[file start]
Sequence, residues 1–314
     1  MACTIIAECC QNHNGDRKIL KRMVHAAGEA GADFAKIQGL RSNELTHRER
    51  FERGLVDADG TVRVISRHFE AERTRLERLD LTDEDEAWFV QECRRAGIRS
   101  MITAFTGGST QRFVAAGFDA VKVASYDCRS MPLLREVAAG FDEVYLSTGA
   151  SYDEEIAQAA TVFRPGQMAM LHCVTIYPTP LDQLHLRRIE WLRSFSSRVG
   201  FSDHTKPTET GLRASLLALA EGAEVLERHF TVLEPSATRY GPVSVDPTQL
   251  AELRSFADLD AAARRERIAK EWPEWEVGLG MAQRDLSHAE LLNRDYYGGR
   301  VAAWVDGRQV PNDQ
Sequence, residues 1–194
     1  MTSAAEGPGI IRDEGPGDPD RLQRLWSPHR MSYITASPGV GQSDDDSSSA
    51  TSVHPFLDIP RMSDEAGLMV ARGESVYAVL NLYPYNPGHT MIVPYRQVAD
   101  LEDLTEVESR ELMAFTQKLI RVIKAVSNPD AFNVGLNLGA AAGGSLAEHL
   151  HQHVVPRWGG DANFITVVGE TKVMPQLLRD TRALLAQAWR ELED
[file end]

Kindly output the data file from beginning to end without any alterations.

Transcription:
Sequence, residues 1–314
     1  MACTIIAECC QNHNGDRKIL KRMVHAAGEA GADFAKIQGL RSNELTHRER
    51  FERGLVDADG TVRVISRHFE AERTRLERLD LTDEDEAWFV QECRRAGIRS
   101  MITAFTGGST QRFVAAGFDA VKVASYDCRS MPLLREVAAG FDEVYLSTGA
   151  SYDEEIAQAA TVFRPGQMAM LHCVTIYPTP LDQLHLRRIE WLRSFSSRVG
   201  FSDHTKPTET GLRASLLALA EGAEVLERHF TVLEPSATRY GPVSVDPTQL
   251  AELRSFADLD AAARRERIAK EWPEWEVGLG MAQRDLSHAE LLNRDYYGGR
   301  VAAWVDGRQV PNDQ
Sequence, residues 1–194
     1  MTSAAEGPGI IRDEGPGDPD RLQRLWSPHR MSYITASPGV GQSDDDSSSA
    51  TSVHPFLDIP RMSDEAGLMV ARGESVYAVL NLYPYNPGHT MIVPYRQVAD
   101  LEDLTEVESR ELMAFTQKLI RVIKAVSNPD AFNVGLNLGA AAGGSLAEHL
   151  HQHVVPRWGG DANFITVVGE TKVMPQLLRD TRALLAQAWR ELED